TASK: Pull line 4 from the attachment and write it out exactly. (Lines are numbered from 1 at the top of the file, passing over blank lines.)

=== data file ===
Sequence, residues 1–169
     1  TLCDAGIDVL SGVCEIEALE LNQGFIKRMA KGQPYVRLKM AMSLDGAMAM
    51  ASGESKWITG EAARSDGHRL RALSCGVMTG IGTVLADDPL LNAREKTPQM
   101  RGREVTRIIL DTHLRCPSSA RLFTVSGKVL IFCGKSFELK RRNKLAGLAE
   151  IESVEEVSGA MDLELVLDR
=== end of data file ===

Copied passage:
   101  RGREVTRIIL DTHLRCPSSA RLFTVSGKVL IFCGKSFELK RRNKLAGLAE